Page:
Insight: Do I Need A DMR ID?

Anybody who has messed with DMR probably has obtained their DMR ID and subsequently made use of Brandmeister/Phoenix-DMARC/TGIF networks or some of smaller regional US side ones.

But it’s worth mentioning as both a reminder to DMR users and potential DMR users, that in the UK at least - an issued DMR isn’t a mandatory requirement for use of DMR legally under your license.

It’s more the case that to use any existing public ham DMR networks that without a registered issue ID, you’ll not have full comma access to the existing networks so making them relatively inaccessible by gateway/hotspot/repeater beyond listening usually in monitor/promiscuous mode (hence hearing all DMR traffic on the access frequency).

In fact, specifically focused on UK side, there’s both no legal formal requirements for an issued ID - if you don’t use an issued one, you’re just having to operate outside of the networks, but still - you’re free to use anything of a valid numeric combo (format wise) for direct localised group point to point simplex or even potentially via a non-gateway hotspot/repeater (so effectively just digital repeater operating equiv to analogue).

Provided you state and use your formal call sign as station ID during spoken QSO and calls and other transmissions, you’re legally covered within your license terms.

So, as far as prepping radios goes, say for a group operation (rally club members and stewards traffic use being an example), you could just put in any old chosen/invented ID in your radio, and put your call sign in as User. So in the club usage scenario, all that would be needed would be an agreed use of a given code to close the traffic to group only use (equiv to CTCSS closed squelch use in analogue) and the choice of whether (under agreement) to use open or common (standard) level encryption. Clearly you set a group number (TG) of some kind or just use the common one used for open simplex usage (so in the open sense, you’re using the colour code as a closed squelch equiv to analogue CTCSS usage).

As for encryption use, technically we’re not supposed to use any encryption at all on ham traffic, but it appears to be tolerated that common (standard on DMR) mode encryption is OK and used. Whether you use or not is down to you to live with, but definitely avoid AES/High Encryption mode usage as you’ll never be able to justify that as fair usage as HE usage is definitely intent use to heavily obscure traffic and that’s definitely a harshly applied slapped wrist misuse at best - worst case, well I guess someone will have a sad tale to tell over that eventually.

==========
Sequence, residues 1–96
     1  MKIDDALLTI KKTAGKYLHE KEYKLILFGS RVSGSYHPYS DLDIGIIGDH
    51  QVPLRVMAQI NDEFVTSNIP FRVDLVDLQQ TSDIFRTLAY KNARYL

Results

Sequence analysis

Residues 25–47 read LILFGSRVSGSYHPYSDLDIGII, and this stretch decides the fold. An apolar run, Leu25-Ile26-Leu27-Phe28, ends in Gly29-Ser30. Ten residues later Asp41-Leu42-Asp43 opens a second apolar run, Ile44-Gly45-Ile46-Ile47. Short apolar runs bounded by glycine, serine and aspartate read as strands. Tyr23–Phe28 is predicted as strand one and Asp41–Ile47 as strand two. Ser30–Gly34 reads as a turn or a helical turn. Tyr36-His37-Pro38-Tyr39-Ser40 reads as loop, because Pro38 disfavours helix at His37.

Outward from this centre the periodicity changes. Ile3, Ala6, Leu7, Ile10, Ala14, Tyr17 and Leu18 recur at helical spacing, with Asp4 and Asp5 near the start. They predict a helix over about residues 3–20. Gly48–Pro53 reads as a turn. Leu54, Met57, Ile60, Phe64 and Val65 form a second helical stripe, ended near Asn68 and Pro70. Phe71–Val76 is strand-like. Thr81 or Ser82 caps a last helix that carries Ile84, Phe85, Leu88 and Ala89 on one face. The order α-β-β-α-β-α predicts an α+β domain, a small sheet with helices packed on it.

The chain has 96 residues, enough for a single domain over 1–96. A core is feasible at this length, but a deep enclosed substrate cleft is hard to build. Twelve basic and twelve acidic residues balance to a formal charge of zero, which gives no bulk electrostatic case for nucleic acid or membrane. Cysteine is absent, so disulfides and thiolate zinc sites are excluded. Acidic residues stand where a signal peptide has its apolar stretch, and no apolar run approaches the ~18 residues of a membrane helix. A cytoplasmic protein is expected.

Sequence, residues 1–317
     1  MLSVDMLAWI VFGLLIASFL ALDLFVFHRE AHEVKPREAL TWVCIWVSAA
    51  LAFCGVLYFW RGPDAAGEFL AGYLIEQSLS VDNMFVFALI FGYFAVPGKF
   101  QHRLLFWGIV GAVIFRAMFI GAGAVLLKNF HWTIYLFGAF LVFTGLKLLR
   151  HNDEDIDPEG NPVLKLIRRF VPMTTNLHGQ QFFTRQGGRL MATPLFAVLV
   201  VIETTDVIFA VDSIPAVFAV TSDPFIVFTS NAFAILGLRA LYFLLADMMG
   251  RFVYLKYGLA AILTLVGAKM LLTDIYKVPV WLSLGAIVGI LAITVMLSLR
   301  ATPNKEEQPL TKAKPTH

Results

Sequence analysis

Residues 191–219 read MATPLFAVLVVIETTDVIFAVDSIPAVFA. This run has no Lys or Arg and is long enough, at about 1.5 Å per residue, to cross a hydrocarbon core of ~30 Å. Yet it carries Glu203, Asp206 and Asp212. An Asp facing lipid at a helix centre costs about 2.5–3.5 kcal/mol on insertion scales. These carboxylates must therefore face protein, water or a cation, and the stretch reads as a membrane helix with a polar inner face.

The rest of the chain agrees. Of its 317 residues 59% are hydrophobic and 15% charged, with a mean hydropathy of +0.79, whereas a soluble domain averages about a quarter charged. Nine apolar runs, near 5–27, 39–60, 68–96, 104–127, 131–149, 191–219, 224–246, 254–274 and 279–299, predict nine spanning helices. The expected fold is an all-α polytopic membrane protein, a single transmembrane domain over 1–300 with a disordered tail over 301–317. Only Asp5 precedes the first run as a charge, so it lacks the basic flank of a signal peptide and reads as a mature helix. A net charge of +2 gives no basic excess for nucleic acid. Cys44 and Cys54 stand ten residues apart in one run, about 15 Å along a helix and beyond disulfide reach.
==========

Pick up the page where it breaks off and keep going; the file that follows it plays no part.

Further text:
Also, for the sake of completeness, you can legally use any frequency in the ham allocation your radio is going to be configured for (usually 2m, 70cms, or dual if your radio is dual band), as the band plan conformity isn’t actually a requirement, it just is courteous and good practise to use the designated frequencies and subframes within for given types of operation/mode usage as suggested in the plan - some allocations used by hams use sub ranges rather than channelised style frequencies use - but 2m/70cms where DMR equipment is used is mostly channelised as far as commonly applied usage goes. Provided your usage falls within that permitted by the license schedule, you are legally covered.

However, that said, I’d still recommend sticking to band plan defined usage where possible. There are some necessary evil inclusions in the BP you’d want to avoid intruding on outside of BP recommendation such as avoiding the frequencies earmarked for space traffic and similar extreme QRP intended use.

But you could safely argue that since the delivery of digital voice is via telegraphic means, that usage (may be necessary during contest periods when many phone mode frequencies get heavily congested) of an earmarked telegraphy mode frequency is fair usage. I certainly wouldn’t contest that, just keep in mind that the courtesy minded will let the frequency be relinquished if it becomes apparent that people are trying to use the earmarked traffic mode or modes on it.

But generally, as long as you’re license compliant in how you use DMR in operation (until the license terms properly incorporate and formally ratify DMR and other DV modes/systems formally) then it’s down to you, your choice for localised group usage or as defined by the group your with if you’re not defining the group ops.

This may directly or in a limited fashion be applicable or not at all outside of the UK and UK Overseas territories. From my understanding, bar any specific overriding national restrictions, it should be the equivalent state of play across the EU (since we were part of it when DMR started getting used ham side).

Exactly how long DMR usage (as an EU ratified radio standard) remains legit in the UK remains to be seen, in main and ham usage, but I’d estimate it’ll remain as it’s more or less becoming the more used DV mode commercially since the alternatives (older and newer) are mostly expensive vs disposable cheap DMR TA certified gear in general.

Anyway, I’ll close this here as it’s moving away from the main subject.

Have fun.